Study to determine direction of MRF
Foothills: Regional material recovery facility program to be investigated further
Wednesday, Feb 14, 2018 11:28 am
Regional municipalities are working together to form a committee that will oversee the possibility of a local recycling facility.
A regional material recovery facility (MRF) was first proposed by the Town of Okotoks in 2016 and area municipalities looked into the possibility of erecting a facility in the Foothills that would collect, sort and handle recycling materials. The study was conducted by Calgary-based Tetra Tech and included a recommendation that a technical advisory group be struck to oversee the MRF project.
The technical advisory group includes representation from Okotoks, High River, MD of Foothills, Black Diamond and Turner Valley.
“We’re determining a terms of reference for the group to go forward,” said Okotoks waste manager Paul Lyons. “Then we’re hoping that we’ll be able to now develop a service model to meet the needs of each of the member municipalities.”
It will include designing a collection model for the service type that best suits all regional partners and doing asset management inventory to understand the resources and assets each municipal member has, he said.
To conduct the study, the technical advisory group is seeking a grant for $165,000, which would allow it to bring in contractors with expertise in the field to help develop best practices and present back to the Foothills Regional Service Commission, he said.
“This will allow the region to determine, based on its current size and projection, will it be more feasible to have our own facility or truck the materials to a local MRF in Calgary,” said Lyons.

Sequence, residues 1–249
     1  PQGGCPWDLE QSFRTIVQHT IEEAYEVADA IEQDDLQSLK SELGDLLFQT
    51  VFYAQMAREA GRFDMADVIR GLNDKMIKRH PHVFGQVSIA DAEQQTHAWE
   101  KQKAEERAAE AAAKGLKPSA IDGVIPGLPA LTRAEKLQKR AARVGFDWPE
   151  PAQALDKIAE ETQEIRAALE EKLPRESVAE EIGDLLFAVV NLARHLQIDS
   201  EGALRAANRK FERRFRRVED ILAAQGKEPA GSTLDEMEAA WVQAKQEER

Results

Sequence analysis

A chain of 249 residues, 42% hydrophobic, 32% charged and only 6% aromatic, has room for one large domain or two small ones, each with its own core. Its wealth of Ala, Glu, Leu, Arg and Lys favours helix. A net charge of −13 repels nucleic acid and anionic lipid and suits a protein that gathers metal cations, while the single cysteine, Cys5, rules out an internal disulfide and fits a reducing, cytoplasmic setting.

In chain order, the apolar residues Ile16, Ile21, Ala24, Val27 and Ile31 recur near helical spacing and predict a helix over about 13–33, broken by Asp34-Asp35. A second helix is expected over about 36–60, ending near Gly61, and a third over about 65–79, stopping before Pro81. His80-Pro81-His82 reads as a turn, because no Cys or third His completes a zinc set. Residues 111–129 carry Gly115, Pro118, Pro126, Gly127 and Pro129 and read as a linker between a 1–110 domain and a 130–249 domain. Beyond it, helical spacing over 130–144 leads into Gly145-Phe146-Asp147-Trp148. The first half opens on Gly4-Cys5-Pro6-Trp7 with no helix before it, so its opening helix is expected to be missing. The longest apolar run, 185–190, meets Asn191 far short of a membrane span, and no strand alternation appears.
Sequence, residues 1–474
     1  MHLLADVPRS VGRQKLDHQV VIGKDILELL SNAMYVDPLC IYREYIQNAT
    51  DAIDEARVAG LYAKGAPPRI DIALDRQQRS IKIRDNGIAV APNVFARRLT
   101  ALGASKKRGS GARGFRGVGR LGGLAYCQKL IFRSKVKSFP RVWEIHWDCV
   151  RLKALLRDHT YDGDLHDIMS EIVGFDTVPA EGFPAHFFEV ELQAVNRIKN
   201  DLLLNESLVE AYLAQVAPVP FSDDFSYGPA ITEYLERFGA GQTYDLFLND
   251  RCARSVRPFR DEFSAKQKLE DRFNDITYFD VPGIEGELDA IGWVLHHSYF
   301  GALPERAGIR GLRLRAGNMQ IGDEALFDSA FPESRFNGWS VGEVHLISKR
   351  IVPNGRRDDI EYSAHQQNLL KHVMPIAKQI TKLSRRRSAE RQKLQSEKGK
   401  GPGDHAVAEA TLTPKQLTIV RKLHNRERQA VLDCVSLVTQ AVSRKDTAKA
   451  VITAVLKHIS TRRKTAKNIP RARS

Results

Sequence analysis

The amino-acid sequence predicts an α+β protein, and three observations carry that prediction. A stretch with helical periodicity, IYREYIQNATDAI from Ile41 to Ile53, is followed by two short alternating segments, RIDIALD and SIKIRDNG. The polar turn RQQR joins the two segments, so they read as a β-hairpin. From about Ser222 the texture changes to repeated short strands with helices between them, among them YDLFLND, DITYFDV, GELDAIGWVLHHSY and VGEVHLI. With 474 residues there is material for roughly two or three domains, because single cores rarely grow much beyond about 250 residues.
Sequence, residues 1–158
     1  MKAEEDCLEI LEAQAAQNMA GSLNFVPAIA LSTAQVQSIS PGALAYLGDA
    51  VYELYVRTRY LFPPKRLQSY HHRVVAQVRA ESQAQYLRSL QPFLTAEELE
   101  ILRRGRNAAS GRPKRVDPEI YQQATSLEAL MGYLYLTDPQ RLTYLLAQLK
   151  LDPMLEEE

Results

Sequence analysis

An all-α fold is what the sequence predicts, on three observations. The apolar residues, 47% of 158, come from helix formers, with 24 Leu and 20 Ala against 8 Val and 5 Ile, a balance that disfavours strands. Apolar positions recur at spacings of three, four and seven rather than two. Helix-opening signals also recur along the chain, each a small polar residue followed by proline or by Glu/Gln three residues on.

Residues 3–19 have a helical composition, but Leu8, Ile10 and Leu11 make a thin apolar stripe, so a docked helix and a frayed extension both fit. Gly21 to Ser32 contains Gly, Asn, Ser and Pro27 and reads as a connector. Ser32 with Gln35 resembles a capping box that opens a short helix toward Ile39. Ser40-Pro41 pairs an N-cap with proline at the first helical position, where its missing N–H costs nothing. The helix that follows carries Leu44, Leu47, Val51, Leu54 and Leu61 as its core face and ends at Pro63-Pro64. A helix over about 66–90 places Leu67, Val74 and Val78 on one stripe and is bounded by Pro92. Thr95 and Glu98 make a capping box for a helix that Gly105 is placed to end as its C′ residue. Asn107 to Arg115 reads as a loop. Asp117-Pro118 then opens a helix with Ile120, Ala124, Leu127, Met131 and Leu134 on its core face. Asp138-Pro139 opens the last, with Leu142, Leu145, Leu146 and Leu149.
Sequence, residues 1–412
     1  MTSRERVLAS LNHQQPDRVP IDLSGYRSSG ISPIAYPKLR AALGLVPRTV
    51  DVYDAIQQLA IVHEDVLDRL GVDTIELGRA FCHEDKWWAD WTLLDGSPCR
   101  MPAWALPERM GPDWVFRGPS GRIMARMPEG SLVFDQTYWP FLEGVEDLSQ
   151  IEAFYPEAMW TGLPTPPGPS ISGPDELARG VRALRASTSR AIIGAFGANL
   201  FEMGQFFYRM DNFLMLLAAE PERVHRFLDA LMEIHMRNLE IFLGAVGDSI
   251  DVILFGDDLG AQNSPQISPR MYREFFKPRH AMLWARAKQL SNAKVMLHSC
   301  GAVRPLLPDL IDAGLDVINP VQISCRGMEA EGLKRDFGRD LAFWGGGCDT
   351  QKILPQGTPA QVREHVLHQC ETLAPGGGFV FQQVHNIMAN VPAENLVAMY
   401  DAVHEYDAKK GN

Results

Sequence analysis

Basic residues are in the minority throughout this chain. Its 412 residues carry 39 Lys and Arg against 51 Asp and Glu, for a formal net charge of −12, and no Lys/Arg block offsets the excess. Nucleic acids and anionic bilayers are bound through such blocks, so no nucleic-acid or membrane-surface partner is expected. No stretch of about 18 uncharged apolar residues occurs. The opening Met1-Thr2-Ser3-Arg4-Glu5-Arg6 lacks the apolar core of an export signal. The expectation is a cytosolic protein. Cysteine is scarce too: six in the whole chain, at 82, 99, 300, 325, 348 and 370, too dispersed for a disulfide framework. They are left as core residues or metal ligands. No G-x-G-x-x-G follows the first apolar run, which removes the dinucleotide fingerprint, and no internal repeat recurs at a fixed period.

He said a regional MRF in the Foothills could be beneficial in light of recent policies passed by the Chinese government, as it would give local municipalities more control over their materials and potentially make them more marketable.
“Smaller facilities may nit be constrained by production targets and could prove to be beneficial from the standpoint of the quality of the materials, if there are no high targets to be achieved,” said Lyons.
That’s not to say the regional MRF wouldn’t have production targets of its own, he said. The goal of the facility would be to at least break even so residents aren’t left holding the bag, he said.
With the right plan in place, a regional MRF stands to benefit the Foothills by further reducing the environmental footprint and impact on the landfill, he said.
Having a consultant work closely with the technical advisory group will help develop a solid plan, he said.
“We would be able to make a decision that would be in the interest of all the members, but implemented over a period of time for the benefit of the region as it grows,” said Lyons. “The planning has to be long-term and not short-term.”